Notre Dame WR Xavier Watts Moves to ROVER LB

Injuries in the linebacking corps have forced Notre Dame to move the former promising wide receiver to defense.

Notre Dame’s linebacking depth, something Brian Kelly touted at his first press conference of fall camp, has taken a major hit already this season with three players from the two-deep lost for the season already. As a result, Kelly announced on Thursday that wide receiver Xavier Watts has been moved to ROVER and will see the field this weekend on defense.

Brian Kelly confirmed weeks ago that Marist Liufau was lost for the season in training camp. In the opener, Paul Moala was lost for the season with a torn Achilles. Shayne Simon joined Moala and Liufau on the mash unit at linebacker with a torn labrum in the opener ending his season as well. One potential breakout starter and two key depth pieces all out for the season before the second game of the year.

Kelly surprised many with the news that Watts was moving to ROVER. There had been some talk of him potentially playing safety during the recruiting process, but after learning that senior Lawrence Keys III had decided to sit out the rest of 2021 to get his degree before deciding on the next course of action, many felt Watt would see the field at receiver. Instead, Kelly said Watt is not only moving to defense, but he will get snaps at ROVER on Saturday against Toledo.

Moving Watt to ROVER allows Notre Dame to cross-train ROVER Jack Kiser at WILL where he could provide some additional depth behind JD Bertrand with freshman Prince Kollie the listed backup at the position. Kollie started his first fall camp at ROVER.

All of these moving parts are certainly not an ideal situation for the linebacker or wide receiver room for Notre Dame, but that is, unfortunately, the reality of the situation at the moment. We’ll dive into this on the next podcast (recording tonight) and have more thoughts on the depth implications moving forward.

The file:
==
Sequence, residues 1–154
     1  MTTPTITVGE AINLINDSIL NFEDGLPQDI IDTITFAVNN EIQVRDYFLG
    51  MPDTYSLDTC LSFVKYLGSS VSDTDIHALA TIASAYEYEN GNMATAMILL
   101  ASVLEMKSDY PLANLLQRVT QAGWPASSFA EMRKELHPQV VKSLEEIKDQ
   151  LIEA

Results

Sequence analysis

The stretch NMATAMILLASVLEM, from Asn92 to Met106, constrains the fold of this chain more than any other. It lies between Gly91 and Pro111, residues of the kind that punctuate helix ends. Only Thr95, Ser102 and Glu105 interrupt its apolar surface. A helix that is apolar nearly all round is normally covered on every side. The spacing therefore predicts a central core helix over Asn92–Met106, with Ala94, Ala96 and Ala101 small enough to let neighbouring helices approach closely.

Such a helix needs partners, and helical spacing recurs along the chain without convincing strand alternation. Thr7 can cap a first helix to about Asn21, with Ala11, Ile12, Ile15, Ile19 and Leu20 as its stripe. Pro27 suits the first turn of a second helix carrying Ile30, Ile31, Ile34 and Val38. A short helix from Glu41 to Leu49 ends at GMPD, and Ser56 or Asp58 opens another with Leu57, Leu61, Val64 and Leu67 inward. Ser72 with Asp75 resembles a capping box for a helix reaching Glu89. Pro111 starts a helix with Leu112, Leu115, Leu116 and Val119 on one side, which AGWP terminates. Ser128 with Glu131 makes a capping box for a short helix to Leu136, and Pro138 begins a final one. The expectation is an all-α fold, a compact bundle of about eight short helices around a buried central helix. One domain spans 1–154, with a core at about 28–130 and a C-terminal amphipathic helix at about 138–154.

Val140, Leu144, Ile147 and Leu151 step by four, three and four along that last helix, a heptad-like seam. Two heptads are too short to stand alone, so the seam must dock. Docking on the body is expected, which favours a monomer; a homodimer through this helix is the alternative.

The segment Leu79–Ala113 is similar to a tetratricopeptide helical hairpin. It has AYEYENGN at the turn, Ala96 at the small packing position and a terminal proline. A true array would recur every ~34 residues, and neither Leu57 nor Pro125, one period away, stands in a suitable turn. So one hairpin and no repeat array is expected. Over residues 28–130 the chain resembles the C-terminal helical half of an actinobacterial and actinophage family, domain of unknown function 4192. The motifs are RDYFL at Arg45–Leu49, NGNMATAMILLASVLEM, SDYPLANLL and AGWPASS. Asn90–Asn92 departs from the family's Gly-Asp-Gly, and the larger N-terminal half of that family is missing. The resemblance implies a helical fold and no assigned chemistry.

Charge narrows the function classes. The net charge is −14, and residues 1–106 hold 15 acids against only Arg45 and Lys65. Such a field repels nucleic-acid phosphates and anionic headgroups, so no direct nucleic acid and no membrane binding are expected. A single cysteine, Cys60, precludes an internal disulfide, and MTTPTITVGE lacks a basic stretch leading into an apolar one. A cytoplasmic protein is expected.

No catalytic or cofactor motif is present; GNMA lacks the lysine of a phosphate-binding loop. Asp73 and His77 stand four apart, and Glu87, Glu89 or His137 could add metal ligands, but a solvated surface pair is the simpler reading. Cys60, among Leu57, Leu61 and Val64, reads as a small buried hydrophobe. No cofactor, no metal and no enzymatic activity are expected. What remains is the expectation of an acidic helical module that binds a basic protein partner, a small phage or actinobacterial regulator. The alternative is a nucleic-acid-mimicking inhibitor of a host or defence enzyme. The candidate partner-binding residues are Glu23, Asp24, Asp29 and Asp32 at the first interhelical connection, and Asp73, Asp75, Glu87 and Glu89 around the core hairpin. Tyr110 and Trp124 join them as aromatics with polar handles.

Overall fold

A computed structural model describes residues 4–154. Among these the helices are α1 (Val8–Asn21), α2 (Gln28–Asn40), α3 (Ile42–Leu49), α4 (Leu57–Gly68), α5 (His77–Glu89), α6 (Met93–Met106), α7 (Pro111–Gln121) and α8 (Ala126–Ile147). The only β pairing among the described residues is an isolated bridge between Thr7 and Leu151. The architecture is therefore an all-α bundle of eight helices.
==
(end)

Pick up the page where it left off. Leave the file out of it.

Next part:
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  1. I guess if you throw it to TE Mayer pretty much all the time, you really don’t need WR’s.
    Eerily reminiscent of ND letting RBs block for a QB that would run it himself 12 or 15 times a game.

    1. I mean I have no idea why you would target the best receiving TE in the country more than players with a minimal number of snaps all while a team was taking away the middle of the field and throwing two touchdowns to said receivers but I guess I see your point.

      1. There are many competitive reasons. But the pertinent one here is so that you don’t wind up with your WRs transferring.

        Is this tricky for you?

      2. And ND WRs had 153 yards receiving and 2TDs against FSU. I love all the ND fan handwringing over a WR quitting the team days after 3 WRs from is own recruiting class played a lot — and played well.

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